From Lows of 2015, BJP Looks for Consolidation in New Year

Published: 30th December 2015 02:11 PM  |   Last Updated: 30th December 2015 02:15 PM   |  A+A-


NEW DELHI: If 2014 was the year that gave wings to BJP's ambitions as it rode on the 'Modi wave' to form its first majority government at the Centre, 2015 showed up the limits of its electoral strategy pivoted around the Prime Minister's charisma as it suffered massive defeats in Delhi and Bihar assembly elections.      

In 2014, BJP could do no wrong; and in 2015, it came off worse in virtually every contest. Not only in elections but as often on politically sensitive issues, ranging from key bills like land and controversies over beef row in which it was seen by many to be acting too little too late.

2016, after two years of highs followed by lows, will be a time for stability and consolidation for BJP, its top leaders believe, as they think that the party has not much stake in four of the five states going to the polls and can pull off a win in Assam.    

Criticised for undermining local leaders and running a top-down campaigns in Delhi and Bihar, it has revised its tactics in the poll-bound states by changing its state chiefs in three of them and virtually projecting Sarbananda Sonowal, a well-regarded Assam leader, as its chief ministerial face in the northeastern state.  

A defeat in high-stakes Bihar poll triggered first real challenge to party chief Amit Shah as veteran L K Advani, who has headed the organisation for more times than any other leader, was joined by three other seniors in bringing Shah's leadership style into question.       

Advani and Murli Manohar Joshi were sidelined from the party's key executive affairs and put in 'margdarshak mandal', which has never met since its inception.      

Their second meeting on the very day after party MP Kirti Azad was suspended for his attack on Finance Minister Arun Jaitley has fuelled speculation over their next move, more so as Shah's tenure ends next month.     

Though a sense of inevitability exists in BJP about Shah getting a fresh term as RSS, which has always had a say in its key organisational matters, too is seen to be backing him; Advani and Co have been able to raise some uncomfortable questions.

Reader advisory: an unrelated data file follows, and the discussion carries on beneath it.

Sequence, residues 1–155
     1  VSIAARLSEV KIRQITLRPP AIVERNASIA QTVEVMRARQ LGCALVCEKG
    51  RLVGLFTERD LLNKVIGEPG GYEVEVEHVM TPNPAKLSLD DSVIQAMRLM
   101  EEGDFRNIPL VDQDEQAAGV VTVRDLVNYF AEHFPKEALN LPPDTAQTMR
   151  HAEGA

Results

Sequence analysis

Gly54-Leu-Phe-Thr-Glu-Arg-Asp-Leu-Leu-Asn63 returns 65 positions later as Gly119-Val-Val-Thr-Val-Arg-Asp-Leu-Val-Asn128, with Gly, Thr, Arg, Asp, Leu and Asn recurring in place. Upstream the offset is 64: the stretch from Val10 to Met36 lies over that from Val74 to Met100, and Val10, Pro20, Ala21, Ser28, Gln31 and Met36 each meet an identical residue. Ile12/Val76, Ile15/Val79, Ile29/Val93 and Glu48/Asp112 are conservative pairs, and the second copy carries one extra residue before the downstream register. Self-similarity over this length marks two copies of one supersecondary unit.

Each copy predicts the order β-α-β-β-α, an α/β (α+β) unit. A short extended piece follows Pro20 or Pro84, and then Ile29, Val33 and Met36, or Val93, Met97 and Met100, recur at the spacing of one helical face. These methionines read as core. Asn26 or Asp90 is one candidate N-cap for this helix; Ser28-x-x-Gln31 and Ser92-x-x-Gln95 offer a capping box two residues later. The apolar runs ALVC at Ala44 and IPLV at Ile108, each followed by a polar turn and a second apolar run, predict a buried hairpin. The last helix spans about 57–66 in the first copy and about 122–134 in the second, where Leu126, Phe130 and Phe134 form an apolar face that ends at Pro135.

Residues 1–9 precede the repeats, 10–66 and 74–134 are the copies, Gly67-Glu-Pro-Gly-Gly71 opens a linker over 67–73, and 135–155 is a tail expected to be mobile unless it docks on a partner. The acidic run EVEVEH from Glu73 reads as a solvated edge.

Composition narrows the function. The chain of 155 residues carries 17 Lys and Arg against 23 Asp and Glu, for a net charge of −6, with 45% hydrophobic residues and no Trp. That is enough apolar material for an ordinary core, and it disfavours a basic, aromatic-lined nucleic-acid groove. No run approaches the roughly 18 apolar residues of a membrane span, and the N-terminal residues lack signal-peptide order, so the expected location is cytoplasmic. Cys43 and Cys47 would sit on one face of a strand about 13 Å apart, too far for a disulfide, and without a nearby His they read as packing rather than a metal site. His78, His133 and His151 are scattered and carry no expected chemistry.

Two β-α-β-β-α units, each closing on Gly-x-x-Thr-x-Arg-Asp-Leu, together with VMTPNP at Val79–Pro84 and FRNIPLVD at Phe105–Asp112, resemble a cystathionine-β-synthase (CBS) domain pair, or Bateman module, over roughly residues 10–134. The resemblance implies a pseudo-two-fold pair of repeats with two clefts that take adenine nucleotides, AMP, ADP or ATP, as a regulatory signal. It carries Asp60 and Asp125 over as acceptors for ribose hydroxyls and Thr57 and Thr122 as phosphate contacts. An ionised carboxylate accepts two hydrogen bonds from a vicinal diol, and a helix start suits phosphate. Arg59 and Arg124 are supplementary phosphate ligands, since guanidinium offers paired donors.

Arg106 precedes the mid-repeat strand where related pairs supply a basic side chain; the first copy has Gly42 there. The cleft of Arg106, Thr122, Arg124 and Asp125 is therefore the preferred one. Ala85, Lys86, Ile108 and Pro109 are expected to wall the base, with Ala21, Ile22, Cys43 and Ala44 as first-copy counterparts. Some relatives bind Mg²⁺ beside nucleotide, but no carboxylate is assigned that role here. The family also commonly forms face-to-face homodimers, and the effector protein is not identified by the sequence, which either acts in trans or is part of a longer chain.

Shah's hands-on, quick and assertive manners are seen as a departure from the practices of previous party bosses who believed in collective approach and sought consensus even if it delayed the decision-making.         

A party leader said the BJP chief had spent more time in his office or travelling states in building the organisation in a year than some of his predecessors did in their entire tenure. He put down the questions over his functioning to "generational issues" and that some seniors have refused to move on with changed times.           

The only consolation for it in the outgoing year was that Congress, which remains its most formidable rival, has not shown much signs of a revival, according to party sources.  

However, resurrection of JD(U) leader and Bihar Chief Minister Nitish Kumar from the lows of his party's defeat in 2014 and the rise AAP leader Arvind Kejriwal meant that there was little comfort for the BJP from the poor state of Congress.  

An organisational high for the party in an year of electoral lows was that it claimed to have emerged as the world's largest political party by enrolling over 11 crore members through its innovative 'missed call' membership drive.  

Party leaders said the drive resulted in it having 15 lakh active members, a new feat, and that it has enough numbers in any part of the country to run a visible political campaign.  

By 2016-17, BJP plans to have an office in each of the district and a well-equipped office in every state.


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